The Credit Card Wars: Visa, Mastercard, Discover, and American Express
In our minds, credit cards work much like our cell phones. We all have a different network (Verizon, AT&T, Sprint, etc), and we all have different models (Apple, Samsung, Google, etc), but as long as the phone works for us, then we’re not complaining.
But when you’re shopping around for your first cellphone, you have to do your research. The same goes for your credit card. Although your first credit card might be the one your bank offers, or something tied to a retail outlet, you still need to do some research on what card will work best for you. Or maybe you’re shopping around for your first business credit card. How do you choose between the four main card companies?
Here’s some information on what each card offers, and how it might best fit your personal wallet or your business wallet.
Defining the Issuers and Networks
Before diving in, it’s important to understand the terminology commonly used around cards. Just as described above with the cellphone analogy, there is the network and the issuer.
The network is the card type: Visa, Mastercard, Discover, or American Express (Amex). These are also known as the payment processors. Unlike the issuer, they pose no credit risk to the consumer. They are simply a conduit to get the money from the bank (issuer) to the merchant (coffee shop, store, retail outlet, etc). They make money by charging a “swipe fee” to the merchant in exchange for processing the transaction1.
The issuer is the bank (or entity) that is loaning you the money and extending credit. Sometimes these issuers are hidden, as is often the case with many retail or sponsored cards.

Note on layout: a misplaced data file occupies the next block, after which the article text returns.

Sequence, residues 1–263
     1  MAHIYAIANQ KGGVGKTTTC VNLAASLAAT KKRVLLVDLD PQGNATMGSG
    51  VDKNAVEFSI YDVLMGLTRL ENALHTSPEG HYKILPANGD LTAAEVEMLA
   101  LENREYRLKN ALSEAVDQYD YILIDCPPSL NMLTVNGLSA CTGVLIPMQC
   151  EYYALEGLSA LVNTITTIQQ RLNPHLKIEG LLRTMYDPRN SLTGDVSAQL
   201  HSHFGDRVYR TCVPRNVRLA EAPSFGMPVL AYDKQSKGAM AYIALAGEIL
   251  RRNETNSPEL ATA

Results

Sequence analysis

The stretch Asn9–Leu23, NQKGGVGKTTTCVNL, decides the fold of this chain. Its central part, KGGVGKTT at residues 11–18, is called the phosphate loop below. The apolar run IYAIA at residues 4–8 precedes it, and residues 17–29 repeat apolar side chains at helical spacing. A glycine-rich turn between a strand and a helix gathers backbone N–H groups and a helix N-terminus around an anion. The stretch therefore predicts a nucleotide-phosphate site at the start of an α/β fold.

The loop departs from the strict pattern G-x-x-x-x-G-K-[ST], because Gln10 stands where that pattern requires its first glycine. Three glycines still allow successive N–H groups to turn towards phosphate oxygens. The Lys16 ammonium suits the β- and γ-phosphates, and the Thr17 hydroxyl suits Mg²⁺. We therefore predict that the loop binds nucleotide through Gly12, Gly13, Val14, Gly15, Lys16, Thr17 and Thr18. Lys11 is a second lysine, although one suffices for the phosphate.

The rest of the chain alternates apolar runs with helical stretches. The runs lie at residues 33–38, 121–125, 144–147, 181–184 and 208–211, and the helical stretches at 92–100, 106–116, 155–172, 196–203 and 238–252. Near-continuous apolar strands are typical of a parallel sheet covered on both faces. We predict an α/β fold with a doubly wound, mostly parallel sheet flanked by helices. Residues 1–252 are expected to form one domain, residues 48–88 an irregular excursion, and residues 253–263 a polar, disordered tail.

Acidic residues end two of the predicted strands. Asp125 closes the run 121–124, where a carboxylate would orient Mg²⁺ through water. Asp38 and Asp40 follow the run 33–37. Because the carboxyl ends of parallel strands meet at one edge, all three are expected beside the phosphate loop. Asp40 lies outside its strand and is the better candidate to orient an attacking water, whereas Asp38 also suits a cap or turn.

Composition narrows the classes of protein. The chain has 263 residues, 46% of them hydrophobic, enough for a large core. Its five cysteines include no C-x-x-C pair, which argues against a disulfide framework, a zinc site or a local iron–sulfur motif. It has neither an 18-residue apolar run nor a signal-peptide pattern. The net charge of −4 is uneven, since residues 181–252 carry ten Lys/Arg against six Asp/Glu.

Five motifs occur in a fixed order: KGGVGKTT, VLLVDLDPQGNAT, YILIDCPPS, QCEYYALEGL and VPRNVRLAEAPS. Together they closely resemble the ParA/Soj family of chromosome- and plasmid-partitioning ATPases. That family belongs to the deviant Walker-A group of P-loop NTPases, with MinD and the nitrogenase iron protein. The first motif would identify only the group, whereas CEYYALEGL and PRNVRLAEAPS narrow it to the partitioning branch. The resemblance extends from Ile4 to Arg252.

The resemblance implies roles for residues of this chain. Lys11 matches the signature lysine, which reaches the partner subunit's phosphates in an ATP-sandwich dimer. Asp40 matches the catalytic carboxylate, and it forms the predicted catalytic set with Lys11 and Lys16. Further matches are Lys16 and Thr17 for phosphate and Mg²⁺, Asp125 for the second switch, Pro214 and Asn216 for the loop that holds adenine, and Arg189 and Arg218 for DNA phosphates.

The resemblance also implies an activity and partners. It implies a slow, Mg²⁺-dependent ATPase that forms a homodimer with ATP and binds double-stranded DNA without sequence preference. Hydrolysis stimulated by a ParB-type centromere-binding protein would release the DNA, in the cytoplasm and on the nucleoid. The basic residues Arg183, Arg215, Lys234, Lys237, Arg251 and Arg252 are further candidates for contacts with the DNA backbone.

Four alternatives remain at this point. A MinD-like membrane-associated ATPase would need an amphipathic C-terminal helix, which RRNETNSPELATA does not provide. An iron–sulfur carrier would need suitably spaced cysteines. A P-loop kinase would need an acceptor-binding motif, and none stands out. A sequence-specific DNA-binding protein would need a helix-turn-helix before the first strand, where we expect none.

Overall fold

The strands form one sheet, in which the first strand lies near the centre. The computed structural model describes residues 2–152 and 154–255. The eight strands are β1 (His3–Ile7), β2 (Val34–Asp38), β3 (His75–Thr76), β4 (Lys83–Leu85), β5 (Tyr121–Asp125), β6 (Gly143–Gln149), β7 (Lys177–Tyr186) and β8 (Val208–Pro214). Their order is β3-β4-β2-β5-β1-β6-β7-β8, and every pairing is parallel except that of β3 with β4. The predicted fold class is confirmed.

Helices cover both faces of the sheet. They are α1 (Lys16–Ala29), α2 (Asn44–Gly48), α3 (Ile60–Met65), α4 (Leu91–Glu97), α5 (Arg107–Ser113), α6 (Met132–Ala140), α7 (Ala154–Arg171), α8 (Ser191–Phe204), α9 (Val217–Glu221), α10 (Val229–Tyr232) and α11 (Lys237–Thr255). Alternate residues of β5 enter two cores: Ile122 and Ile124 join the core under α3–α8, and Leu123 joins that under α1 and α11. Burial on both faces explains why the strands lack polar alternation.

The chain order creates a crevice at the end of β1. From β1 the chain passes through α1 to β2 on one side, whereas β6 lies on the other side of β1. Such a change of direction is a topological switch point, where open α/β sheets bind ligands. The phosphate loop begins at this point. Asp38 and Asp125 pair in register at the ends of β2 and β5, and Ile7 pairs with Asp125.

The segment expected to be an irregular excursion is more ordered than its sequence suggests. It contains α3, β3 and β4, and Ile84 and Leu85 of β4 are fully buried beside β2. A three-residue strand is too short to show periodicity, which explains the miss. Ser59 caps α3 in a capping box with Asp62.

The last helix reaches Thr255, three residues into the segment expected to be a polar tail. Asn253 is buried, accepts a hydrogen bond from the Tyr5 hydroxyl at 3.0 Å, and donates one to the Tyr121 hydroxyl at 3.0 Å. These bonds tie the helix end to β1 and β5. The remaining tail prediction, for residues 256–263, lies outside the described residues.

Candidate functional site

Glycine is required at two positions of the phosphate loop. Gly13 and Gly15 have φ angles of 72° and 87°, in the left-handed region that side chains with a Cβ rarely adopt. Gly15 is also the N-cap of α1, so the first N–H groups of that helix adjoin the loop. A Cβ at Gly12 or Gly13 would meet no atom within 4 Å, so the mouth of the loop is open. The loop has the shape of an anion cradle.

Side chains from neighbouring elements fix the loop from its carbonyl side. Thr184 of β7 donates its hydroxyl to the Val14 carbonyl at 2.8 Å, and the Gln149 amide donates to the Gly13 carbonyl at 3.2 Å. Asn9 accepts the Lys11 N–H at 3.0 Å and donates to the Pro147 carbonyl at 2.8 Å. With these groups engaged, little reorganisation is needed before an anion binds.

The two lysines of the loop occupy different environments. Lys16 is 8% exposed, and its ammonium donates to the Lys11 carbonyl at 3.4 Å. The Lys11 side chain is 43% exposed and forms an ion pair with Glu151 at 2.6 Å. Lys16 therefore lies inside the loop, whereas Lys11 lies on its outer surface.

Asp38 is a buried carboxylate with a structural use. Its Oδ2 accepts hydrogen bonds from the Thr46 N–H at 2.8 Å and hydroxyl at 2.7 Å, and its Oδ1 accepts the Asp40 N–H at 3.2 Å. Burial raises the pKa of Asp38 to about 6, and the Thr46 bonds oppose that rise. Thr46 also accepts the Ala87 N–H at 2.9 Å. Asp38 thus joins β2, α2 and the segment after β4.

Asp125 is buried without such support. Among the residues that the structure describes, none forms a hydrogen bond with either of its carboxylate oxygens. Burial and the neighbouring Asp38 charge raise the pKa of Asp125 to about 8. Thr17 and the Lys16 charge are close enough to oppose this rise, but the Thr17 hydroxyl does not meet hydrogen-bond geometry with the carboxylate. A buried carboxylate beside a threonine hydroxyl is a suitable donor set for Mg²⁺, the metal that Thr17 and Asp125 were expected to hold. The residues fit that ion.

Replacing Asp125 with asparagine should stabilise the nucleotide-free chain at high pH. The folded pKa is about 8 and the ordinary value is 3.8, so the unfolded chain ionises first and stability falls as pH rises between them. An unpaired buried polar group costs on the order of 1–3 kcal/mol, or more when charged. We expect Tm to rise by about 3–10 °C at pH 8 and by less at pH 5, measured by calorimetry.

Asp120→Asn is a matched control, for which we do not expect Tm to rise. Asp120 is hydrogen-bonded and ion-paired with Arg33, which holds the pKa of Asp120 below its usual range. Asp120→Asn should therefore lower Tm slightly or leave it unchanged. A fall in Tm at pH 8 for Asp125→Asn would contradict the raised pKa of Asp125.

Your favorite clothing store or big box retailer may offer you a credit card bearing their brand, but since they are not banks, they are not the ones actually lending you money. These are known as “affinity” groups. They likely partnered with a bank to offer targeted rewards for repeat customers, but their primary goal is branding and advertising, not providing lines of credit.
American Express and Discover are unique compared to Visa and Mastercard. This is because Amex and Discover can act as both a network and an issuer; they are a bank and a credit card company. Sometimes they will have an affinity or partnership with another entity (for example, Costco’s credit card was partnered with Amex until 2016), but for the most part they function by themselves. In more recent years, Amex has partnered with certain banks to act as a network for them, while the bank acts as the issuer2.
Visa and Mastercard
Visa and Mastercard are two of the oldest credit card networks in America. They premiered the first credit cards in 1966, by branching off from Bank of America (Visa) and InterBank Card Association (Mastercard) respectively. Over time, they have also become the most popular options available.
According to a WalletHub study from 20163, Visa and Mastercard are both accepted by over 8 million merchants within the United States, and are accepted in over 200 countries around the world (210+ in Mastercard’s case). Their fraud protection is labeled as “Good” in this study, which shows some room for improvement.
Visa makes up approximately 48.8 percent of all credit cards used in the United States. Mastercard makes up about 31.3 percent. Visa is obviously a popular option, and their age as a company might have a lot to do with that. However, they do also offer guaranteed payment for merchants (meaning if you charge your card, but don’t have the funds, the merchant will still be paid; you will just have a nasty fee waiting for you on your next bill). Visa’s popularity might also stem from their options available to customers: debit cards, credit cards, or prepaid services.
Mastercard, on the other hand, offers only debit and credit services for their issuing partners. They do not offer additional services such as guaranteed payment, and their sole purpose as a company is to act as the conduit from bank to merchant.